How Do I Start a Painting Business the Easy Way? The 7 Tips for Success

September 15, 2022
Time to Read: 
12 min read

Over 380,000 professional painting contractors live and work in the US. So, if you dream of owning and operating a profitable painting business, you might think there’s too much competition standing in the way of how to start a painting business for yourself. 

The good news is, you’d be wrong. 

In fact, the job market for professional painters is expected to grow by 5.7 percent between 2022 and 2026. And the closer you are to a hot real estate market, the more in demand your painting business will be. 

Ready to get a slice of this lucrative pie for yourself? This article will explore what you need to do to start a painting business the easy way. 

How much does it cost to start a painting business?

Painting businesses don’t require expensive equipment or costly trade certifications to start. So, for example, you won’t have to purchase pricey power tools to bid on your first job. Instead, you can get started with cheaper brushes, rollers, trays, and ladders.

With some hands-on knowledge and experience, it won't be long before you bid on jobs and win clients. And once you have a sizable business bank account, you can invest in more expensive equipment, such as scaffolding and paint sprayers. The money you spend leveling up your materials will ultimately pay for itself since they’ll enable you to work more efficiently and take on more extensive projects. 

So, let’s get the biggest question you have out of the way — how much does it cost to start a painting business? 

Well, it’s possible to start a painting business for as little as $500.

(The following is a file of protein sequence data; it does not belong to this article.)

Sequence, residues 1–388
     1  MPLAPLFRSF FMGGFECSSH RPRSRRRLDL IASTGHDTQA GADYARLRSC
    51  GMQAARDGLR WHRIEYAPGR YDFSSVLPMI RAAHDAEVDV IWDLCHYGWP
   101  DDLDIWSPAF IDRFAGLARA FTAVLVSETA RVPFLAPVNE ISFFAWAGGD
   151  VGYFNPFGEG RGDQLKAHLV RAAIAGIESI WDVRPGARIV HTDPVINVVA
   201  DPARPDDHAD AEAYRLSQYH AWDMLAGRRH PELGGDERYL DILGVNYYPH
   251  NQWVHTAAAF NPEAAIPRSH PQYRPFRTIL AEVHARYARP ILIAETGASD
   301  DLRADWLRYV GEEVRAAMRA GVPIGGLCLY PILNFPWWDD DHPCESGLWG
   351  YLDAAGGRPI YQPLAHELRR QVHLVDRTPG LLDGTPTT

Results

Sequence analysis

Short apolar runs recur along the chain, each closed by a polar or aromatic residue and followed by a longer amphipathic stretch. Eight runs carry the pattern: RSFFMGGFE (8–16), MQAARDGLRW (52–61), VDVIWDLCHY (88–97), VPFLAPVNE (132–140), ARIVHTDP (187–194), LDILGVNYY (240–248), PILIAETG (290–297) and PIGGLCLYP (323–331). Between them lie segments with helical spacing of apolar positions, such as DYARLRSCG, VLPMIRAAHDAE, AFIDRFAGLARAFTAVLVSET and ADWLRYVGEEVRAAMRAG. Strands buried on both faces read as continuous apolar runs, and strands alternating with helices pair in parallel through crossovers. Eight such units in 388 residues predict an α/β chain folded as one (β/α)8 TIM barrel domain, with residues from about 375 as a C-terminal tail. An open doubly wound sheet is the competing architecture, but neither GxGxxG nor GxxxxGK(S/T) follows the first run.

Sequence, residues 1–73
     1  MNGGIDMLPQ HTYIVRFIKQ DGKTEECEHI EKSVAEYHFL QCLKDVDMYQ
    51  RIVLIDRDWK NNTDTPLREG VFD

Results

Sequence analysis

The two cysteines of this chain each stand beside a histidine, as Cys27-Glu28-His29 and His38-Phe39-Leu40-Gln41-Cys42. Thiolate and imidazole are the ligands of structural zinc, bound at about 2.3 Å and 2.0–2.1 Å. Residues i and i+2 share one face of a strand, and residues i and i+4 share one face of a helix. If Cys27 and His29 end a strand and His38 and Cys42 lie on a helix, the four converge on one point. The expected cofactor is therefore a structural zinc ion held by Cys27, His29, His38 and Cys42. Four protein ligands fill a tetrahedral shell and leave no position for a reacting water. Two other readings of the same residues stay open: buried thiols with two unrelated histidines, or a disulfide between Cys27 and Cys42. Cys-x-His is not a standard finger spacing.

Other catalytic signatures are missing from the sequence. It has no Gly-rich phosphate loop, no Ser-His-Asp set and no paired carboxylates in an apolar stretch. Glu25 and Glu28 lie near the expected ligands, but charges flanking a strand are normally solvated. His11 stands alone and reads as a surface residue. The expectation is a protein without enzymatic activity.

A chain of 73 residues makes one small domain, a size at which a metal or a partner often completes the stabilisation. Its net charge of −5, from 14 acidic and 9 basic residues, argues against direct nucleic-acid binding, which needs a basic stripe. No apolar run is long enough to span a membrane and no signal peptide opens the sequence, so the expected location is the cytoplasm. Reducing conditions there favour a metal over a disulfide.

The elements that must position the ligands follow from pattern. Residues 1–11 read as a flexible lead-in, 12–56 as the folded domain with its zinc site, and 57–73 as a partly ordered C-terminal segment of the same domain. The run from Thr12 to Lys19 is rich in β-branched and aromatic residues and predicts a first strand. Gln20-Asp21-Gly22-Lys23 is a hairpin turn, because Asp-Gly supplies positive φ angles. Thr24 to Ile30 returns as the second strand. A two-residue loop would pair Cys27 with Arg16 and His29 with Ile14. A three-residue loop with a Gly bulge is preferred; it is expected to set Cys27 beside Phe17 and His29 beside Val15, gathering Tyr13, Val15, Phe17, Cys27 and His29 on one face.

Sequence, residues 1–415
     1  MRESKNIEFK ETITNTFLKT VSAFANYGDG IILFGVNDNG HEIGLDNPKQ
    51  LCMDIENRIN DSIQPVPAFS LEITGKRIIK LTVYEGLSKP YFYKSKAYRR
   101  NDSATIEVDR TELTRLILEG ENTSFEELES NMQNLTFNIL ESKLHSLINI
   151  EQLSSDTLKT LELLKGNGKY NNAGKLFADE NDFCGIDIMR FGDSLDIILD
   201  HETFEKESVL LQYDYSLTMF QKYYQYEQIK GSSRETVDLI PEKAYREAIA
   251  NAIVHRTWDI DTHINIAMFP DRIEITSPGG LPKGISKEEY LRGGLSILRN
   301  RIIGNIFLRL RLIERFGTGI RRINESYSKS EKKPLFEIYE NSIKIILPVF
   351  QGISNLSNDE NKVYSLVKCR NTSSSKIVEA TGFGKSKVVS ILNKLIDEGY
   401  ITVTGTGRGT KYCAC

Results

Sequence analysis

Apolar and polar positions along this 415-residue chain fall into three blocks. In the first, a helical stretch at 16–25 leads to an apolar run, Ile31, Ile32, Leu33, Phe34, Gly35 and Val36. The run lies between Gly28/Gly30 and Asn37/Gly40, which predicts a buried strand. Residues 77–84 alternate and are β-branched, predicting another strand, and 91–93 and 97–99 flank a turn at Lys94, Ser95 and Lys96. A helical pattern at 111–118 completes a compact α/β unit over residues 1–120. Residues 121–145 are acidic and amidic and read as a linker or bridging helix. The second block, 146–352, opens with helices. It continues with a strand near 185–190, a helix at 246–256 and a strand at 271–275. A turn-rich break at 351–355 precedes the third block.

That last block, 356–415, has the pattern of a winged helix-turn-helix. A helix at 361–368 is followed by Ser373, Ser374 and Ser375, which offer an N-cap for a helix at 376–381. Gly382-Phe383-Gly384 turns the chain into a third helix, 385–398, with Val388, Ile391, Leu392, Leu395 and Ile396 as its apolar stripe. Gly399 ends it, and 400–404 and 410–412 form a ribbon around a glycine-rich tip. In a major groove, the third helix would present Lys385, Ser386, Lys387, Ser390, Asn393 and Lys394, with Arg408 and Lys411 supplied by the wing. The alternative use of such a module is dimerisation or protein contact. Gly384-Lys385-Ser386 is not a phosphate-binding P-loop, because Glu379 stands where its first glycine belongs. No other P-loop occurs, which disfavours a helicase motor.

• Registering your company — $100 
  • Insurance and licenses — $100
  • Website creation — $200 
  • Getting your first customer — $100

What about the painting equipment? We’ll show you how to get your startup equipment for FREE. 

Most small business entrepreneurs overestimate and overspend on their startup costs because they make things too complicated. We’re only going to show you the easy way to start a painting business, which brings us to our first step. 

Step #1: Learn professional painting skills

Painting doesn’t require as much in-depth knowledge to get paid to do it compared to other home renovation trades like carpentry and plumbing. But you want to build a business that will last. 

Reputation is integral to business longevity. You need strong customer service right out of the gate. That’s why it’s important to get some professional painting skills under your belt before you win your first job. 

Sure, you can watch some YouTube videos on professional tricks and tips of the painting trade. But hands-on experience is ideal. In the long run, hands-on experience will save you time and money. 

Before you get your first job, here are the most critical skills for building a professional painting business you’ll need to know:

  • Prep techniques — A paint job is only as good as the prep that went into it. You’ll need to learn proper scraping, patching, sanding, and priming techniques to prep walls for paint. 
  • Painting basics — Proper cutting in and getting an even coat with no touch-ups required is vital. Knowing how to read a room and paint it correctly from the start is also a must. So, learn the basic painting techniques to achieve these essential objectives. 
  • Equipment use — You’ll need to know how to properly use brushes and rollers and when specific jobs will require different types of painting equipment. 
  • Right paint for the job — There are many different types of paints on the market. You’ll need to know when a project calls for oil-based vs. latex paint, acrylic paints, various finishes, etc. 

You can get this hands-on experience working for a painting company, renovating your own property, or through an apprenticeship.

Hands-on experience working for a painting company also gives you valuable insight into the painting industry and how to start a profitable painting business. 

Step #2: Register your painting business

First, you’ll need to decide what kind of business you want. Choosing a business entity to register will protect your assets and determine your tax liabilities. 

Depending on your state, you may be able to establish a sole proprietorship and drastically reduce the paperwork involved in registration. However, the issue here is that a sole proprietorship doesn’t offer as much protection from personal risk and liability as other business entities.